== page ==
The Daily Count (49 E. Pearl St., Nashua, 578-0572) Offers organic salads, with eggs from free-range, vegetarian-fed hens, to go. Call ahead ó supplies are limited and they go fast.

Earthward (Route 101A, Milford, 673-4322) A small health food store that offers all-natural wrap sandwiches and homemade vegetarian soups. Call ahead to find out what the dayís specials will be.

Jewell and the Beanstalk (793 Somerville St., Manchester, 624-3709) Itís going to be tough for me to go into this beloved lunch spot without sampling the bread (my favorite is the Anadama), but there are lots of things on the menu that I can eat, such as the tofu scramble, the fresh vegetarian sandwich and the out-of-this-world baby spinach salad.

Ecos Cafť (Route 101A, Merrimack, 881-9635) I can order the vegetarian special, with farm-fresh vegetables, while my co-workers can order gourmet sandwiches, bagels and homemade soup. Call ahead to find out what the specials will be.

Vietnam Noodle House (138 Main St., Nashua, 886-4566) I can order MSG-free vegetarian or tofu dishes while my co-workers can go for some of the more traditional entrees and appetizers.




The Do-it-yourself Detox Lunch

Being on a diet like this calls for planning, which, to be honest, has never been a priority for me. Sure, I can pack my kidsí lunches and get them ready for school like a champ, but Iíve never quite mastered that whole ďtaking care of myselfĒ thing. But now, Iím getting pretty good at it. And even though Iím on this restrictive diet, I have not gone hungry yet. Here are some of my favorite lunch recipes, adapted from Lisa Allenís cookbook, Eating Clean: 100 Appetizing Solutions.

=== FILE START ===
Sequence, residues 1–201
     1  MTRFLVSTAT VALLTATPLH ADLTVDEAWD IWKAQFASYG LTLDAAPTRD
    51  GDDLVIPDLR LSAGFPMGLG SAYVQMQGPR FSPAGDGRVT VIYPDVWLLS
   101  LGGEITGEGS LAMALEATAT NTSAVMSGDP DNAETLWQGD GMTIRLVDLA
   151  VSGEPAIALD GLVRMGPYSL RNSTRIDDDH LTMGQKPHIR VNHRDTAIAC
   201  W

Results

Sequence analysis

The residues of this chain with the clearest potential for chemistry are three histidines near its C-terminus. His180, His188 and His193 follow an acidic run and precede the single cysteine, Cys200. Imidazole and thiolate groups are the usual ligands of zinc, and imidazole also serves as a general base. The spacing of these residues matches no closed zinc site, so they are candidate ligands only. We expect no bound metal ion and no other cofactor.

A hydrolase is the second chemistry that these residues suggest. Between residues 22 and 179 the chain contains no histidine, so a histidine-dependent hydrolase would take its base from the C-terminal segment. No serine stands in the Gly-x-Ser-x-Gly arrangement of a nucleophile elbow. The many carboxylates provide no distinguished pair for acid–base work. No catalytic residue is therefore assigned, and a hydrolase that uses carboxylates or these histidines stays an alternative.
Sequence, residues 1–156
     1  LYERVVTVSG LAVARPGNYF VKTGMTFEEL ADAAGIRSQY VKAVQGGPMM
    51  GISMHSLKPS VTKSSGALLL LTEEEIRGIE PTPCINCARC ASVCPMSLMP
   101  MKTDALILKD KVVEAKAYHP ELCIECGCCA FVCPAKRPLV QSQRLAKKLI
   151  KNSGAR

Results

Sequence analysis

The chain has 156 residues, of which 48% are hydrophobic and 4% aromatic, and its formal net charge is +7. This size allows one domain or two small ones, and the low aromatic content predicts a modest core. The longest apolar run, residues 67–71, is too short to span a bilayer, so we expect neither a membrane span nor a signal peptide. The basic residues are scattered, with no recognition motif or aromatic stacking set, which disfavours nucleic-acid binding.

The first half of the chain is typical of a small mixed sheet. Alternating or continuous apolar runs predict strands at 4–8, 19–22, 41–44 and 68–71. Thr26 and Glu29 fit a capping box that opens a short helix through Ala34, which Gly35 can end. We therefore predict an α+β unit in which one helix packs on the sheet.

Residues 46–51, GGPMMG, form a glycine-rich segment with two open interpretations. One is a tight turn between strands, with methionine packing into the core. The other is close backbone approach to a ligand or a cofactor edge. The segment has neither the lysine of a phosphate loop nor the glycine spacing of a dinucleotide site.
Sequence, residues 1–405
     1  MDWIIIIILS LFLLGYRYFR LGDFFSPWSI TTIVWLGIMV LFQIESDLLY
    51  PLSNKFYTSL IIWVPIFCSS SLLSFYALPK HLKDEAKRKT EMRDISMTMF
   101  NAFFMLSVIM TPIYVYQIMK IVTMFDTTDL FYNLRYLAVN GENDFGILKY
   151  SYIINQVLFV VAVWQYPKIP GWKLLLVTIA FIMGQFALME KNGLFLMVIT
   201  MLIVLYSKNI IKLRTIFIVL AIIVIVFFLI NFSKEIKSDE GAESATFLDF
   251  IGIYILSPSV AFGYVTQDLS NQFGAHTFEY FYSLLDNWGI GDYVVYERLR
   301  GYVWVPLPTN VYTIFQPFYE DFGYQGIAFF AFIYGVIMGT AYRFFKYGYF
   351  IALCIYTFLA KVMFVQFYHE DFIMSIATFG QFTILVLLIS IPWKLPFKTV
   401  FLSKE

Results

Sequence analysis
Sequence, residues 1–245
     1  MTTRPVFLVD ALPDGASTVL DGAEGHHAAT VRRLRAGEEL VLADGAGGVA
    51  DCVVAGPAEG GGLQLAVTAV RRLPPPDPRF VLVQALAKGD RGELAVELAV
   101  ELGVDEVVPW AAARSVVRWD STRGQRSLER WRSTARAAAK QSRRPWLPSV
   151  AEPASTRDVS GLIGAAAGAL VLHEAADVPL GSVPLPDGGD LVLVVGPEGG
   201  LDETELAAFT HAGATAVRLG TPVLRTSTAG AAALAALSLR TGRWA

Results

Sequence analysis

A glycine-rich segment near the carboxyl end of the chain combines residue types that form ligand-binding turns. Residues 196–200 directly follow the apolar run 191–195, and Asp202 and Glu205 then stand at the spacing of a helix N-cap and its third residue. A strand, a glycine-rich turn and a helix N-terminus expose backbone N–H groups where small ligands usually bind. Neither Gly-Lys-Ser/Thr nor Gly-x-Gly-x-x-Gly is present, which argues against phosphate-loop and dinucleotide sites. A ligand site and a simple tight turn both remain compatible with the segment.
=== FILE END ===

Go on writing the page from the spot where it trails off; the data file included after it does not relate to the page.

Mediterranean Chicken with Chickpeas

1 lb. organic boneless chicken breast, sliced into 1-inch-wide strips

1 tbsp. extra virgin olive oil

1 medium onion, sliced

1/2 of a green pepper

1/2 of a sweet red pepper

2 cloves garlic, minced

2 cups prepared chickpeas (not canned)

2 tomatoes, peeled and diced

1 tbsp. basil

1 tsp. oregano

dash of salt (optional)

Lightly sprinkle salt on the chicken pieces. Heat the olive oil in a wok or a deep skillet on medium-high heat. Add chicken and cook until brown on both sides. Add onions, peppers and garlic. Stir well and continue to cook. Lower the heat slightly. Add the chickpeas, tomatoes and herbs. Cover and simmer for about 10 minutes, until chicken is thoroughly cooked. Serve with brown rice or a baked potato.

Salad NiÁoise

This recipe is for a single serving, but it can be doubled or quadrupled as needed.

4 oz. fresh tuna (not from a can or pouch), grilled or baked

1 cup organic mixed salad greens

1/2 cup green beans, steamed

1/2 of a tomato, cut into wedges

1 egg, hard-boiled

3-5 black olives such as Kalamari Greek olives

1/4 of a green pepper, thinly sliced

1 tbsp. sweet white onion, diced

2 tbsp. organic vinaigrette dressing

Combine all of the above ingredients, finish by scattering the onions on top as a garnish.